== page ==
Refracted Input

Clare O’Farrell’s blog on books, TV, films, Michel Foucault, universities etc. etc.

My rating: ****
Imdb link

This is one of my favourite World War II spy dramas starring William Holden as a Swedish industrialist coerced into spying for the British during World War II. The film is a fictionalised account of the exploits of a war-time spy Erik Erickson. Holden’s character Erickson is very much on his own during the entire film with brief encounters here and there with others engaged in the underground resistance. He initially has to create a cover in Sweden as a dedicated anti-semitic Nazi sympathiser which loses him both his friends and his wife, although one friend – a Jew remains unconvinced by this sudden change of personality. When things go wrong on one of his missions he has to escape from Germany back to Scandinavia. The approach is cool and unsentimental with people getting on with the job under extremely dangerous circumstances.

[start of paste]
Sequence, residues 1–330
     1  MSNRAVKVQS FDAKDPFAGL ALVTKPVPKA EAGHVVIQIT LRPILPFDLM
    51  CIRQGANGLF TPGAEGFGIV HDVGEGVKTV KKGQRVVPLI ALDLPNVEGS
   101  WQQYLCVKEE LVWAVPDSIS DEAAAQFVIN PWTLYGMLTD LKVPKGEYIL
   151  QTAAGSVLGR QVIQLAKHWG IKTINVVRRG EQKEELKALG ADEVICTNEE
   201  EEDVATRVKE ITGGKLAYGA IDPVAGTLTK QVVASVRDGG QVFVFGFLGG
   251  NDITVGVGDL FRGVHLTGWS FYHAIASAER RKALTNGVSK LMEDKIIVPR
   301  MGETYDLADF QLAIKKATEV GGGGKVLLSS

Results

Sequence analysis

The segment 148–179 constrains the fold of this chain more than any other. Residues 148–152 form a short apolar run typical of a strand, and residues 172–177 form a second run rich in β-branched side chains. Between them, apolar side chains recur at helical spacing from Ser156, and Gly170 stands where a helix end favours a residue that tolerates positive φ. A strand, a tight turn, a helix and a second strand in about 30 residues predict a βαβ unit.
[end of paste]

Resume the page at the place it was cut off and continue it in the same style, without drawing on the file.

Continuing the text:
Although I am not usually keen on Holden’s work, he is well cast in this film and gives a low-key unsentimental performance. Something that has also really stayed with me, since seeing the film for the first time a few years ago, is Klaus Kinski’s performance as a Jew on the run suffering from pneumonia who suffocates himself rather than cough and betray himself and his companion while hiding on a boat during a Nazi search.

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